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Quitting Gets Me Every Time

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I remember the first time I quit something. And when I say “quit,” I mean, I dropped out of the activity before it’s “season” had run its course. It was in 5th grade. You had a choice to sign up for the school chorus or have extra reading time. Well, since you can’t really quit extra reading time, you guessed it, I signed up for and then quit the school chorus. I remember the choir teacher being upset that I was leaving (not because I was/am a great singer) and, as I recall, I remember not being too upset by her reaction.

In 2015, I “quit” a few things. Two different jobs. Though, technically, I think I “resigned.” Regardless, I left two jobs. And I quit selling in my Etsy shop.* I also quite reading a book that I just couldn’t get into. As much as I wanted to like it and finish it. 50 pages in and I was done.

Here’s the thing I’ve learned all along the way, ever since I was in the 5th grade—quitting is completely and totally acceptable. Life is so crazy and short and complicated that if you’re doing something you don’t like, you should leave it behind. Don’t stick around just so you’re not a “quitter.”

Since it is the season of football playoffs, it’s worth quoting Vince Lombardi’s most overused phrase:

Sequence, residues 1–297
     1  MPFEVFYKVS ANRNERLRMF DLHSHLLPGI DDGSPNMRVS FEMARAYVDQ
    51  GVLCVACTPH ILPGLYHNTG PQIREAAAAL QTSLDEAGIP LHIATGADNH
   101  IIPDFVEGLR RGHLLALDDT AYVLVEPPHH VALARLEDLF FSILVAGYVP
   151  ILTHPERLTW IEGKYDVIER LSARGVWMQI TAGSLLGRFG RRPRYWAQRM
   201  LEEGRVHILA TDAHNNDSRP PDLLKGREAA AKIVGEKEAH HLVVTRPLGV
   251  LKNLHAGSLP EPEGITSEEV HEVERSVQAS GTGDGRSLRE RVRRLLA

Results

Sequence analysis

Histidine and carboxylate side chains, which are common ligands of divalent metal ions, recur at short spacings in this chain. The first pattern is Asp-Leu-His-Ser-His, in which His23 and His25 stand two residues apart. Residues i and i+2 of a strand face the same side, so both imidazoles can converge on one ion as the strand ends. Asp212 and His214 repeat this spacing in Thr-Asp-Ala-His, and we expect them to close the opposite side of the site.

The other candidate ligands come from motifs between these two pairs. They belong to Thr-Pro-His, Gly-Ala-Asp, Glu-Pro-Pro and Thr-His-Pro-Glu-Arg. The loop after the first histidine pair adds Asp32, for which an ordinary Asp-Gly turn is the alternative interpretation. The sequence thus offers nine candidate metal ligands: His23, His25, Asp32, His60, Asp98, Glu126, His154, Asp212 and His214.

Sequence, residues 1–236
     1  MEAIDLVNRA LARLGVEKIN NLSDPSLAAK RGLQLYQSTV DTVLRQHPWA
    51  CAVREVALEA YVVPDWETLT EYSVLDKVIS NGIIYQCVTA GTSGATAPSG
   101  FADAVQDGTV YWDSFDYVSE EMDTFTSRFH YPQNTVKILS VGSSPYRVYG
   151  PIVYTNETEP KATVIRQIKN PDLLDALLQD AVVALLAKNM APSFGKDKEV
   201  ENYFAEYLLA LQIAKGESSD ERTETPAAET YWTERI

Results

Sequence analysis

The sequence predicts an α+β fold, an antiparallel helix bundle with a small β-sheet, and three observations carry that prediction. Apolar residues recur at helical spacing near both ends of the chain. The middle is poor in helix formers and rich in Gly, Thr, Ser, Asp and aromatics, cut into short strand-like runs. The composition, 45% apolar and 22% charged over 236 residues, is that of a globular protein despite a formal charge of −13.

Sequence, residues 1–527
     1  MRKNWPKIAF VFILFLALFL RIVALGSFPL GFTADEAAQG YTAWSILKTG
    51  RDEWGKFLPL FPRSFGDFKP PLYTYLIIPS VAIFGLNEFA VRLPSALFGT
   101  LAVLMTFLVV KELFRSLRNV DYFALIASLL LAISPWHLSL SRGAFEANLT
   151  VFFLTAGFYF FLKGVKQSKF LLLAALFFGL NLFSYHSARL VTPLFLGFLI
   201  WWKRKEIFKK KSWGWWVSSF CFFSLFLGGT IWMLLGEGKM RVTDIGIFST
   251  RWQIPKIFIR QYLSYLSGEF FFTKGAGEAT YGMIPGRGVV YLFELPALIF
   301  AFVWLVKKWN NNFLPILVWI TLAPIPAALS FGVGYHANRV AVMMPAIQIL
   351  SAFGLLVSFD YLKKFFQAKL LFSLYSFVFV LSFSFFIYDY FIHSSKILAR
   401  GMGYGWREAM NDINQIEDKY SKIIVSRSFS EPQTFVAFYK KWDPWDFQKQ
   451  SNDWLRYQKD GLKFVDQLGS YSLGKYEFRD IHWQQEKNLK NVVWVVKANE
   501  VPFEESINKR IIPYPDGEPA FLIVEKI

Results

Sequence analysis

Winners never quit and quitters never win.

You know what, Vince? That’s not always true. Because a lot of the time, winning is just about being happy. And being a quitter doesn’t mean that you’ve given up. It just means that you’re on to the next thing. And think of it another way… sometimes quitting is the best thing—like quitting smoking, or any other bad habit; quitting a bad relationship; quitting one opportunity to go after a better one.

When I think of quitting, I like to think of the new beginning that comes directly after it. Walt Disney once said,

The way to get started is to quit talking and start doing.

Not to get all New Year’s resolution/’tis that time of year on your butts, but it’s that statement is true in so many aspects of life. If you’ve got an idea, quit talking and make a plan. If you’ve got a goal, quit planning and get yourself in gear. If you’ve got a trip to take, quit talking and just go.

There’s nothing in the foreseeable future that I expect to quit. But I do quite like the idea of less talk, more action as something to put into practice more often. What about you? Anything worth quitting? Anything worth doing?

*There is a possible, ever-so-small, chance that Toyidermy will make a pop-up appearance on Etsy sometime in 2016. No promises though. 

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